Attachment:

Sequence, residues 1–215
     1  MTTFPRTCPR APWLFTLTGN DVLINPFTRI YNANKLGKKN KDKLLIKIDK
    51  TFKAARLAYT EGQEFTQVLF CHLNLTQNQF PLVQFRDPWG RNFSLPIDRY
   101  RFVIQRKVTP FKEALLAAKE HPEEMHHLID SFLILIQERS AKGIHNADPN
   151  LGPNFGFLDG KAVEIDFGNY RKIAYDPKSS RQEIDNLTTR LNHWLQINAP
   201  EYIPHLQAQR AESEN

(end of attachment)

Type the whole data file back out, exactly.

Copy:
Sequence, residues 1–215
     1  MTTFPRTCPR APWLFTLTGN DVLINPFTRI YNANKLGKKN KDKLLIKIDK
    51  TFKAARLAYT EGQEFTQVLF CHLNLTQNQF PLVQFRDPWG RNFSLPIDRY
   101  RFVIQRKVTP FKEALLAAKE HPEEMHHLID SFLILIQERS AKGIHNADPN
   151  LGPNFGFLDG KAVEIDFGNY RKIAYDPKSS RQEIDNLTTR LNHWLQINAP
   201  EYIPHLQAQR AESEN